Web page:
The Washington Redskins just selected Antonio Gibson with the No. 66 overall pick. Here are five things to know about the former Memphis running back:
1. Gibson attended junior college before starring at Memphis.
A McDonough, Georgia, native, Gibson was a three-sport athlete at Eagle's Landing High School (football, basketball, track and field), and won the Henry County Offensive Player of the Year as a senior in 2015.
From there, he played two seasons at East Central Community College in Decatur, Mississippi. He did it all for the Warriors, compiling 1,120 total yards on 93 touches (12.0 average) and scoring 16-career offensive touchdowns.
Having excelled with the Warriors, Gibson made the jump to Division I by committing to Memphis. It took him a year to get fully acclimated, but Gibson eventually became a surefire NFL prospect with the Tigers.
2. Gibson is a "swiss army knife" offensively.
The new Redskins' coaching staff covets "positional flexibility," and Gibson certainly fits that description.
Gibson (6-foot, 228 pounds) primarily played wide receiver for Memphis this past season, making 38 catches for 735 yards and eight touchdowns. But in the middle of the season, he received some opportunities at running back and compiled 368 yards and four touchdowns. And if that's not enough, Gibson took some snaps at quarterback out of the wildcat formation.
This extreme versatility helped Gibson earn second-team All-American Athletic Conference and AAC Co-Special Teams Player of the Year.
"We're excited about this kid," Redskins Vice President of Player Personnel Kyle Smith said of Gibson on Friday night. "He's a swiss army knife. Obviously was playing a little wide receiver and running back at Memphis, he's a return specialist, he's got good hands, he's 228 pounds, he ran fast, he plays fast. He's got physicality to him."
3. Gibson is one of the most explosive offensive playmakers in this draft class.
In 2019, Gibson averaged 11.2 yards per carry and broke 16 tackles on 33 rushing attempts. As a receiver, he averaged 19.3 yards per catch and broke 17 tackles on 38 receptions. That adds up to an unheard-of broken tackle rate of about 25%, which makes Pro Football Focus Lead Draft Analyst Mike Renner wonder just how effective Gibson can be at the next level.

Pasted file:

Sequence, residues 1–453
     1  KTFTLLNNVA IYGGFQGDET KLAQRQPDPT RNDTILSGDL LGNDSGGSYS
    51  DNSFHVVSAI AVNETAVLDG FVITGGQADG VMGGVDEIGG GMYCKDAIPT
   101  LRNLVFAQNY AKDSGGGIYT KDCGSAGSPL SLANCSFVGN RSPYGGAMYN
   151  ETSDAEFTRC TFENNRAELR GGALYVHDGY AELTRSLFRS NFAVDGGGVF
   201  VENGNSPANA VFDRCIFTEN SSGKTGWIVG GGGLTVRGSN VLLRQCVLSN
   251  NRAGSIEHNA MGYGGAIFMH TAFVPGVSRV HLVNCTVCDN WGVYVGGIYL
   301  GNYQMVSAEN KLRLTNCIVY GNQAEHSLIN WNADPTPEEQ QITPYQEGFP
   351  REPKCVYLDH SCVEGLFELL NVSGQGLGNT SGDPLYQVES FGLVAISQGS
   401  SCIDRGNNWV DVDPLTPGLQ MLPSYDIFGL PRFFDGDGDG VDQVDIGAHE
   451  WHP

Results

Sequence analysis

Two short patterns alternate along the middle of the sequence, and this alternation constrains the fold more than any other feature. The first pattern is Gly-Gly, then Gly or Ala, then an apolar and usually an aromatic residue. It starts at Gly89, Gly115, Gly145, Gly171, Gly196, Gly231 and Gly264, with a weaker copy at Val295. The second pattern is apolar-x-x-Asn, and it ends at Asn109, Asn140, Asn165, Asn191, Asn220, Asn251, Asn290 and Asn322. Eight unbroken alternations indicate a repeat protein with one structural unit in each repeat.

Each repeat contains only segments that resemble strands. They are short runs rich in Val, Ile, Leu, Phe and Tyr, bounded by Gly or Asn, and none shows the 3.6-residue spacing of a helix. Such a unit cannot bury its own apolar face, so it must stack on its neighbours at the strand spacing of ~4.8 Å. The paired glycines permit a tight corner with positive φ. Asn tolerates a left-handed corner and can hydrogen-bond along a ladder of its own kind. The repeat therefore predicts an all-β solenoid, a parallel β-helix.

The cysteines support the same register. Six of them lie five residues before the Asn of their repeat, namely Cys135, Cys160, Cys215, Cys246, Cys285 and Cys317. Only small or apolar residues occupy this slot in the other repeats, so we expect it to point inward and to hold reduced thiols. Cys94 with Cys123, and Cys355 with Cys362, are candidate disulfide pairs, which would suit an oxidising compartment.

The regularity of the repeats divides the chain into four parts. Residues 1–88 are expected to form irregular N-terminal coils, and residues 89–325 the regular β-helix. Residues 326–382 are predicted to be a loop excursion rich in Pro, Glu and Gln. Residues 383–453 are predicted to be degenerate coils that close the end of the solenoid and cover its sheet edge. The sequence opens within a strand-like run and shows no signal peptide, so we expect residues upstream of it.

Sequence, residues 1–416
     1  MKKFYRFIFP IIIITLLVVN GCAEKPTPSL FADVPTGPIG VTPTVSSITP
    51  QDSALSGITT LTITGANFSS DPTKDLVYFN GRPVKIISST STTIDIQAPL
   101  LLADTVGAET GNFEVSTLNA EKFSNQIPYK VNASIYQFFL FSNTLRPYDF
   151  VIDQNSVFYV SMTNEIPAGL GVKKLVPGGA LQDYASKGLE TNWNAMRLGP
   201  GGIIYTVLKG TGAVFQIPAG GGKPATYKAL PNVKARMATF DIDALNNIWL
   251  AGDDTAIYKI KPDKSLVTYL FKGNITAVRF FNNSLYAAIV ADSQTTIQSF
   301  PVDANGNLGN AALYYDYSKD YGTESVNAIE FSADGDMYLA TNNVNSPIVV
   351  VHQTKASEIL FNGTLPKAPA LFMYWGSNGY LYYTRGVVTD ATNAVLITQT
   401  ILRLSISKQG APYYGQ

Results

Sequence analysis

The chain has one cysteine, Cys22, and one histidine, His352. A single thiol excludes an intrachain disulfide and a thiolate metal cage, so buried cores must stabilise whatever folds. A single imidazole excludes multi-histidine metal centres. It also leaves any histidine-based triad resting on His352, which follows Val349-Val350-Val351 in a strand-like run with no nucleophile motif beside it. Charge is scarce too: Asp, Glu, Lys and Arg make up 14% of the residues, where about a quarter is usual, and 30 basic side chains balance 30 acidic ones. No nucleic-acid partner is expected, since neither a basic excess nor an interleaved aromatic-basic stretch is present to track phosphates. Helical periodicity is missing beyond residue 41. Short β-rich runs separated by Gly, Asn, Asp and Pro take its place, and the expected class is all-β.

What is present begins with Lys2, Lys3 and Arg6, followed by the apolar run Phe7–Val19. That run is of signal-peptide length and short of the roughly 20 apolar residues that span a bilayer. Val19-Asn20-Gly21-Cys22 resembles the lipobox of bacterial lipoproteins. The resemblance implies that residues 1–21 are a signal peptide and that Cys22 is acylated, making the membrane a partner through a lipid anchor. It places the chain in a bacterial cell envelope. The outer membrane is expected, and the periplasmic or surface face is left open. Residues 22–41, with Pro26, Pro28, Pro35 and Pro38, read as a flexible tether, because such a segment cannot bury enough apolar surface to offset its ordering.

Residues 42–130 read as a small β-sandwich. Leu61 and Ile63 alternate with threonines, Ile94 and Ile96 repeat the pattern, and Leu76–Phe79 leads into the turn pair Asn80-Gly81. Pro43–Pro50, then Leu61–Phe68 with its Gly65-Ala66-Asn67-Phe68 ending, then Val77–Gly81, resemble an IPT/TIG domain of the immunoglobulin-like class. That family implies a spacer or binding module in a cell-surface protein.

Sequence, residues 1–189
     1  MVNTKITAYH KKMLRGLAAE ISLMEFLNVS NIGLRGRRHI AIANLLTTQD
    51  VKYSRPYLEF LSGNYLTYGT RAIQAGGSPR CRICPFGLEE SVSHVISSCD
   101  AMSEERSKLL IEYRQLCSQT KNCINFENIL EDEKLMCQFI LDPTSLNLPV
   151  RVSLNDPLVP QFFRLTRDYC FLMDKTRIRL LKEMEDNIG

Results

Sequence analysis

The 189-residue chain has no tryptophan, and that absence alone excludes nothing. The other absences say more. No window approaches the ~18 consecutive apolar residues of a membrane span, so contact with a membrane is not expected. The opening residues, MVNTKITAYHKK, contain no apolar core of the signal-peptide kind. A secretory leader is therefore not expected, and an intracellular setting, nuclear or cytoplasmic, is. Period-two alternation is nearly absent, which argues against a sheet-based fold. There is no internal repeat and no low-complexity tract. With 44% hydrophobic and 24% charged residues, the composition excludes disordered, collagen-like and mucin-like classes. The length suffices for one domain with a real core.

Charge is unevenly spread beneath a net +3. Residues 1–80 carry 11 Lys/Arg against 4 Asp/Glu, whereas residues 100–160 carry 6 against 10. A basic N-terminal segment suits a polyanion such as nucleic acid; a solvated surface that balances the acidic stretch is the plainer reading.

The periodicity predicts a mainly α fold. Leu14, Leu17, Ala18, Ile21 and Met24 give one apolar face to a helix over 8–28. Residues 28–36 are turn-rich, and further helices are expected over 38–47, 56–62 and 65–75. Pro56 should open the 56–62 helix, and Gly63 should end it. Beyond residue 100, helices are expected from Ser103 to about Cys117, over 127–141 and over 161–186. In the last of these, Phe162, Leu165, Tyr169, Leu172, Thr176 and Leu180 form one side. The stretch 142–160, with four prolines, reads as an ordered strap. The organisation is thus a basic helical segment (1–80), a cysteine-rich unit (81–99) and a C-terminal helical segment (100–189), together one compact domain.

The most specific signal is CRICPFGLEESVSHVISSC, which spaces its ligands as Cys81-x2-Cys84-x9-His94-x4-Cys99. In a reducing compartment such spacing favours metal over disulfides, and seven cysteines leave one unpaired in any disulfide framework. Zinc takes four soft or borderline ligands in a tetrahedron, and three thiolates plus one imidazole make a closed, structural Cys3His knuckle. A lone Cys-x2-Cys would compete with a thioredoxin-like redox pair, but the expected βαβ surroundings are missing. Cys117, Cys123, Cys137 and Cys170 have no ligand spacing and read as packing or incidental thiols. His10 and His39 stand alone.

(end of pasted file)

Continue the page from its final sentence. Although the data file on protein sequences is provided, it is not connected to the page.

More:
Furthermore, Gibson scored 14 touchdowns on 77 career touches and averaged 11.7 yards per catch after reception in 2019, according to PFF. That's the most among draft-eligible players.
"The sample size is extremely limited and he needs a developmental runway," NFL.com's Lance Zierlein wrote in his draft profile of Gibson. "But Gibson has exciting upside as a pro."
4. The Redskins anticipate Gibson to contribute on special teams right away.
In addition to being a do-it-all offensive threat, Gibson proved to be an excellent kick returner for the Tigers last season. He returned 23 kicks for 645 yards and a touchdown in 2019, making him one of 10 FBS players to average 28-plus yards per return. He can also be a gunner on punt return, head coach Ron Rivera noted after the selection Friday night.
"[Gibson] is an impressive young man, and he's an impressive football player," Rivera said. "He's a guy that we really feel like can come in and make an impact early on."
5. Gibson joins a crowded running backs room but offers a unique skillset.
At first, some might have wondered why the Redskins drafted Gibson. The Redskins had six running backs on the roster entering the draft. How is Gibson going to find his way onto the field?
But Gibson will be used creatively all over the field. He'll line up in the slot, in the backfield and maybe even out wide. The Redskins can put him on the field with other rushers such as Adrian Peterson and Derrius Guice, and defenses will still have to honor Gibson wherever he's stationed, regardless of if he's getting the ball.
After hearing Rivera gush over Gibson's versatility, a reporter asked if Rivera thought Gibson was similar to Carolina running back Christian McCaffrey, who recently became the highest-paid running back in NFL history. Rivera, who has coached McCaffrey for nearly his entire career, did not dispute the notion.
"That's fair. He's a little bit bigger than Christian, but he's got a skillset like Christian. He's shown some position flexibility playing in the slot, then he shows position flexibility playing in the backfield. Ran some wildcat with him behind the center taking direct snaps. This is a very versatile, young football player that we really think is going to be a guy that can get on the field for us early and contribute."